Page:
As adults, most of us operate with a fundamental belief that we are terrible students. In fact, in many of the presentations I have delivered over the course of my career in education and public speaking have contained the following message in some form or fashion: “Let me make a prediction, most of you in this room believe you are terrible students.” And inevitably, this statement is met with head nods, cheers, and even a few “Amens.”
Think about your training experiences over the past few years. More than likely, you spent about 30-50 hours of time in ‘training,’ whether it be in keynote speeches, online training, or face-to-face seminars. Yet, you likely cannot remember more than 2 or 3 concepts that were presented during those trainings. And even less likely that you implemented more than one skill which fundamentally changed your on-the-job performance.
So, it seems true…you are a terrible student. Until you take a closer look. The problem is not you, the learner; it’s the learning experience. Read on to learn more, and register for my upcoming webinar with Blue Sky, The Learning Equation: How to Create Long Term Behavior Change, taking place for free on August 23rd!
The first thing we must understand is that learning is NOT simply a recall of facts. Learning is about producing a fundamental CHANGE IN BEHAVIOR, which hopefully leads to the desired outcome.
Learning (or behavior change) is created by fulfilling a fundamental equation:
Emotion + Experience = Learning
When an experience is highly emotional and high experiential (you are physically engaged either through discussion or physical work), you have a much higher degree of long-term behavior change which takes place.
Think about why then so many seminars and keynotes fall flat.
Keynotes are high in emotion but lack physical experience. We have all had the feeling of being completely jazzed after attending a keynote, thinking, “I am going to change the world!” only to revert back to your pre-keynote behavior within 15 minutes of departing.
Most in-person seminars, which present materials, such as how to operate Excel or a new work process, may be experiential, where you physically do the process but are extremely low in emotional quality. Without an emotional connection, when you want to recall the physical action that you took, your mind has no ability to re-discover that skill.
And then there’s the online learning experience, which is most often neither emotional nor experiential and the least effective of all learning experiences. Corporate training and certification programs are headed more and more often in this direction for compliance and cost-effective reasons, only to see their employees become less and less effective at producing organizational or process-oriented change.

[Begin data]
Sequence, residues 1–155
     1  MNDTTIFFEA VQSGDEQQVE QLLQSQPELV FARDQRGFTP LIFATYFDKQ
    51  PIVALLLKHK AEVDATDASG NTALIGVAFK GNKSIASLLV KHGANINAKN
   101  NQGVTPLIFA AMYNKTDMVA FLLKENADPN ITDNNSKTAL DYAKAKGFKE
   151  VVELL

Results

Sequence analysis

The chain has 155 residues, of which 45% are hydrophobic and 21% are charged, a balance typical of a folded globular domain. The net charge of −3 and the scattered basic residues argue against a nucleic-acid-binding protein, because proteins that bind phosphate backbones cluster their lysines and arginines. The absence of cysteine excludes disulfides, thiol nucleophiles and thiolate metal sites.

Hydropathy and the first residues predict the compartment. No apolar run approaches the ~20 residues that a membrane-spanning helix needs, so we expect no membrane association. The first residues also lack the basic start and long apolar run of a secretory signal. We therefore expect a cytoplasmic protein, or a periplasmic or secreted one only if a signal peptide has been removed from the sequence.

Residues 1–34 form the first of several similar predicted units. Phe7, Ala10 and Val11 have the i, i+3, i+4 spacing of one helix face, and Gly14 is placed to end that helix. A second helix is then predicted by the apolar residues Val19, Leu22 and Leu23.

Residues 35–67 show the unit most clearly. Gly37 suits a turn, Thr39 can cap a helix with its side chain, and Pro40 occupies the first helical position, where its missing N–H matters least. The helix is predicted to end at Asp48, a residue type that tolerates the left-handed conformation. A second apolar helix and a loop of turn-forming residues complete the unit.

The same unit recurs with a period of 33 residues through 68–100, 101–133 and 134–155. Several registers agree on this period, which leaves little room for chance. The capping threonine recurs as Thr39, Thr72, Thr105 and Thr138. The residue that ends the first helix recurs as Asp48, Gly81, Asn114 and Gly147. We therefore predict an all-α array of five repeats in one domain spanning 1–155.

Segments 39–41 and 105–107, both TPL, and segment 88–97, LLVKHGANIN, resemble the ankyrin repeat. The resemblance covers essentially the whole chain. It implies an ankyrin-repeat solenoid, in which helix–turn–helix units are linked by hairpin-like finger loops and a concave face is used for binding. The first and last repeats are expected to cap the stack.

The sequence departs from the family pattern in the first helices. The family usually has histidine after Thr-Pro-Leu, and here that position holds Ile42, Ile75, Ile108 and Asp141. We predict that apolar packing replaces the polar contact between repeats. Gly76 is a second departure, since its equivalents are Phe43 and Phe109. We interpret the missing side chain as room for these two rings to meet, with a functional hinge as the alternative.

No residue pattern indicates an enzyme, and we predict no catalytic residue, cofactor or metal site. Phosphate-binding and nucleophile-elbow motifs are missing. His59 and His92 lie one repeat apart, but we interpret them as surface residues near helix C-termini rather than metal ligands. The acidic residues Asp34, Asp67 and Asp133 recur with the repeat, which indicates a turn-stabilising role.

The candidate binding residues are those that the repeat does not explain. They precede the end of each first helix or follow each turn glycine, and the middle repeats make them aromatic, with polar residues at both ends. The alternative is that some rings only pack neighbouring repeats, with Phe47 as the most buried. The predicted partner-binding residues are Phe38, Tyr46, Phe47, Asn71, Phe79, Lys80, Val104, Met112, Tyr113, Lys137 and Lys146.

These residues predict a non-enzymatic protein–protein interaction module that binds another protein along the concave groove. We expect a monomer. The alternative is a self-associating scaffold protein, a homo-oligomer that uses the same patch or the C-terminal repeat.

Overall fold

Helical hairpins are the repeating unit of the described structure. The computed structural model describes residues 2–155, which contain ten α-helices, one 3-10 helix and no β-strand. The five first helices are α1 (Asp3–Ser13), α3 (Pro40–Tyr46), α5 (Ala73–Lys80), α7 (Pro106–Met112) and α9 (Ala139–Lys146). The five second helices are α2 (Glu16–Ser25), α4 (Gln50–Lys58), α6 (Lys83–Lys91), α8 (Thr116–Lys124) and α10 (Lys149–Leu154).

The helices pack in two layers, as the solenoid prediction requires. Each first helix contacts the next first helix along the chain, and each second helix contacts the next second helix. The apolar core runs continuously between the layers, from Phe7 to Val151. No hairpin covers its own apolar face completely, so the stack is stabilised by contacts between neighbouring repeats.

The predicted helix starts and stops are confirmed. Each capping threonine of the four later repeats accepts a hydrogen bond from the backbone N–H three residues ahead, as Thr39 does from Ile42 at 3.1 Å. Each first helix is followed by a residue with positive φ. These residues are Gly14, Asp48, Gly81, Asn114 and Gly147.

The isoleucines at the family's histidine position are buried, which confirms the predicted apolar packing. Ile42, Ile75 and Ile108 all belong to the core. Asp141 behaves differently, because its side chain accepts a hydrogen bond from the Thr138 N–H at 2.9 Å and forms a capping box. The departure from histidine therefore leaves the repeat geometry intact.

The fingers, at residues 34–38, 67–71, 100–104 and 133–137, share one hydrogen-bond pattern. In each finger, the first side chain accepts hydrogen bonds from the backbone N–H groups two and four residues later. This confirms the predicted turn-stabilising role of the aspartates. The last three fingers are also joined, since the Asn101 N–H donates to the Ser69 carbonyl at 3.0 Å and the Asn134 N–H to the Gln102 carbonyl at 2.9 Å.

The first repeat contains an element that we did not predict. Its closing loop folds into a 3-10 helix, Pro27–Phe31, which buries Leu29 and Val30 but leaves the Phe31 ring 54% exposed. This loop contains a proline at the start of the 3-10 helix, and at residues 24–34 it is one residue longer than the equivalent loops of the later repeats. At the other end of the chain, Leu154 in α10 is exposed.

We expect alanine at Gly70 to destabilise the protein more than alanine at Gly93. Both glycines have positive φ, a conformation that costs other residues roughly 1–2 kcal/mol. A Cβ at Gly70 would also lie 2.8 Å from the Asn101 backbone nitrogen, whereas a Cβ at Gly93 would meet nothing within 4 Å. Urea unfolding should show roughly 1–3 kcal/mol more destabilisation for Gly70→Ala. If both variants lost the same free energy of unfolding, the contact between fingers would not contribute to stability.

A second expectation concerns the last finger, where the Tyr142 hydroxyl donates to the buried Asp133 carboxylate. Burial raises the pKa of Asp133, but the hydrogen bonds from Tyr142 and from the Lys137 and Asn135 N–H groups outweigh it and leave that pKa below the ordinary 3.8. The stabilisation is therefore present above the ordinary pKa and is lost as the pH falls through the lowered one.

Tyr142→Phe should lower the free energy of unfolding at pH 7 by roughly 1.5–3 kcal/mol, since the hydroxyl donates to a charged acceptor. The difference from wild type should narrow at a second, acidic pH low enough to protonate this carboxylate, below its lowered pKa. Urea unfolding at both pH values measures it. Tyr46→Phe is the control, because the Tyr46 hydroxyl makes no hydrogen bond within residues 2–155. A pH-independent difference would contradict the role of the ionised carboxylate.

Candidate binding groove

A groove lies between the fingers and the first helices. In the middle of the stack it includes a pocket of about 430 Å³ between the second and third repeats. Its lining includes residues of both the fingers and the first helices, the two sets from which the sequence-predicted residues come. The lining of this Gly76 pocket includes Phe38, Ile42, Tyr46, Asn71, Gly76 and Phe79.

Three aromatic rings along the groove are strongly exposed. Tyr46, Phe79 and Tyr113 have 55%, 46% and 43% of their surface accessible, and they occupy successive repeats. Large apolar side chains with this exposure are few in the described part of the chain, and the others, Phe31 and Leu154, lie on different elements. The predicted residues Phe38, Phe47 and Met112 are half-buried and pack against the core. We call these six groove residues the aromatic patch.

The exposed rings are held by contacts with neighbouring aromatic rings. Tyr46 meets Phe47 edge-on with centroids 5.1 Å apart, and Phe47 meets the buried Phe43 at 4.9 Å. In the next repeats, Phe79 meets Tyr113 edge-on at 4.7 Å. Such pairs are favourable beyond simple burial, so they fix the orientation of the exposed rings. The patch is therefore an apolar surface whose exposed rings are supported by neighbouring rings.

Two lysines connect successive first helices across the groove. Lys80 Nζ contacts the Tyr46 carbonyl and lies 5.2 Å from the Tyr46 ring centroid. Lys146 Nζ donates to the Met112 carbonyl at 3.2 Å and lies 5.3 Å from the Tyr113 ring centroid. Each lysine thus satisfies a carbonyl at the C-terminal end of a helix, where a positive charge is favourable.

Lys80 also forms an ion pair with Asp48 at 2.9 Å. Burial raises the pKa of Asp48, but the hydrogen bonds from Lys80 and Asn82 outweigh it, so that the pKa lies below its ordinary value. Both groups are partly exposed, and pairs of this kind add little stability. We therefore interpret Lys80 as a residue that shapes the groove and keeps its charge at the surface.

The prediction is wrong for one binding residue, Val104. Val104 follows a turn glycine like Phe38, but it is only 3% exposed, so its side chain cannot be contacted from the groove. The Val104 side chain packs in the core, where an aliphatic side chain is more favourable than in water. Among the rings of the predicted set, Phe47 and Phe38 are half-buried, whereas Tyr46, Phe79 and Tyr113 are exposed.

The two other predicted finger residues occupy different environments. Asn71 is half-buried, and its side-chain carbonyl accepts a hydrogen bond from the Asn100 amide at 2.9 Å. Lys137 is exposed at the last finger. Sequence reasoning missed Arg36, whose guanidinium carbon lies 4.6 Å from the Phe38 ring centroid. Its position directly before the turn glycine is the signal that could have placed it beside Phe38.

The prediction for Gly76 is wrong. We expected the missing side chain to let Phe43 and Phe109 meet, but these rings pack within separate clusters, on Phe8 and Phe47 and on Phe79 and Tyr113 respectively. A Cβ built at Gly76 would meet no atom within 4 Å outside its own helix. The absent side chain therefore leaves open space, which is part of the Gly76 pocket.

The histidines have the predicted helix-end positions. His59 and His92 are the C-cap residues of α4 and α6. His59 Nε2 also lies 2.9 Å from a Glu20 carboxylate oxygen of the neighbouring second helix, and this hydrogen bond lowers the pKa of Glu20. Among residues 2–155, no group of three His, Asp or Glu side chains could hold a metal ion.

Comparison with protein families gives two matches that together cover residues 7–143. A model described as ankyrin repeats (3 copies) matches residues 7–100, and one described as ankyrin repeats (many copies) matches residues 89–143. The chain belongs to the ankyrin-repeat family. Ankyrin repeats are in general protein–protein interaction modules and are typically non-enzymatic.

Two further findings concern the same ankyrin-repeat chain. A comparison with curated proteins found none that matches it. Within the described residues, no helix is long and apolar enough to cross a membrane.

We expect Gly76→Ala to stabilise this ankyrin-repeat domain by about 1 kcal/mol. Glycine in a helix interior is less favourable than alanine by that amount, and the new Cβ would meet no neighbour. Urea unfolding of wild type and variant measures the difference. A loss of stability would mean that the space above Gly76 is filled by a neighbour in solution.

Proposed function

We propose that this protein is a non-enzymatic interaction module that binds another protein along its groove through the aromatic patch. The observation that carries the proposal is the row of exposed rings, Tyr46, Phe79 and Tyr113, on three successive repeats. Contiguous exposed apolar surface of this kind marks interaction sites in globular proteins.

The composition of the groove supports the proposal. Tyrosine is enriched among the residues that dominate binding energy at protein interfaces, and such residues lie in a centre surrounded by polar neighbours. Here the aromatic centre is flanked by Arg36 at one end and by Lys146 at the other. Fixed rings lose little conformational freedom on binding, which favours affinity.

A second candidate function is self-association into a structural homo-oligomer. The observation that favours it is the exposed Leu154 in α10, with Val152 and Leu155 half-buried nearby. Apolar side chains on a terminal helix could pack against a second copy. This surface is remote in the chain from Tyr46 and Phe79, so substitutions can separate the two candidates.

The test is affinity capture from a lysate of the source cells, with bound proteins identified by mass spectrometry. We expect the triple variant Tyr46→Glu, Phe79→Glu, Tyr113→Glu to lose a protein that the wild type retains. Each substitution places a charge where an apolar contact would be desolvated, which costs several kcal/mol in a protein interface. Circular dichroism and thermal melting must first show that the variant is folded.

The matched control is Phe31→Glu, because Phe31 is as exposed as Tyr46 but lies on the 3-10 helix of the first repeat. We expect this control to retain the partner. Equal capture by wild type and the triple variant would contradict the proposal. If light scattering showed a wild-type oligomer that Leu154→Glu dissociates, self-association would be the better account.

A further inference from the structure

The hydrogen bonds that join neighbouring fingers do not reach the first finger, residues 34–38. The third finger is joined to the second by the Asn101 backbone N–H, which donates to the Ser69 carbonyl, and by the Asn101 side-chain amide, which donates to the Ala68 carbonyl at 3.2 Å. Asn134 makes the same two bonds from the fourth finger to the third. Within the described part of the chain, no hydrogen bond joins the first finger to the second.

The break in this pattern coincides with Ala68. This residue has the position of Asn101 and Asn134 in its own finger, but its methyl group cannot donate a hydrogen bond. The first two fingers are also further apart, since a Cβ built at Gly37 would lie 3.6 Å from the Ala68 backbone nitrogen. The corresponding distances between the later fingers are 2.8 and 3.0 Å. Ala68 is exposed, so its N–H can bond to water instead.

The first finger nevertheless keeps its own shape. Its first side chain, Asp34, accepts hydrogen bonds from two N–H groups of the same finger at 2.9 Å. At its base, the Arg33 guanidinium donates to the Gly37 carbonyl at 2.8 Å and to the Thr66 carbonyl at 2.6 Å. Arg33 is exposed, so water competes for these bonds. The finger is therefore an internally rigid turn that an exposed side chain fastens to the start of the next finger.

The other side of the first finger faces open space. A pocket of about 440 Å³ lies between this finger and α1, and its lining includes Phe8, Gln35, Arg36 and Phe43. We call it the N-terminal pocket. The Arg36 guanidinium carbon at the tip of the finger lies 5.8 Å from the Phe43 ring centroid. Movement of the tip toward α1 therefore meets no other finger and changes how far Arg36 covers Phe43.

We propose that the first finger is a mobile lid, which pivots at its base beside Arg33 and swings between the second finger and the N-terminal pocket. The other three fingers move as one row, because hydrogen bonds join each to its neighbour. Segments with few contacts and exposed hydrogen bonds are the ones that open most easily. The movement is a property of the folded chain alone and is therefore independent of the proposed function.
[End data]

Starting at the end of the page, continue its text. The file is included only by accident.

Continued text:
To help give you an idea of a great learning experience, think of it this way: When was the last time that you put your hand on a hot stove or got your hand shut in a car door. It was highly EMOTIONAL and likely involved a great deal of cursing. It hurt badly…so you had a dramatic EXPERIENCE, which you can vividly remember. And for a long period of time after, your behavior changed.
Regardless of the learning opportunity, be it a keynote, seminar, or even an online learning experience, it is possible to produce a behavior change by creating a learning experience that is both highly emotional and highly experiential. Similar to having your hand shut in the car door….but in a positive way.
You see, you are not a terrible student nor are the people that you lead. Rather the opportunities that you have to learn are inherently set-up not to produce behavior change.
So, the next time you set-up a learning experience, consider for a moment:
Interested in learning more? Register here for our upcoming webinar on August 23rd, The Learning Equation: How to Create Long Term Behavior Change.
Dan Streeter is an award-winning educator and Principal of IMPART Learning Solutions which designs life-changing learning experiences for the non-profit and corporate world. You can learn more about Dan and IMPART at www.impart-edu.com or follow Dan on Twitter at @danrstreeter.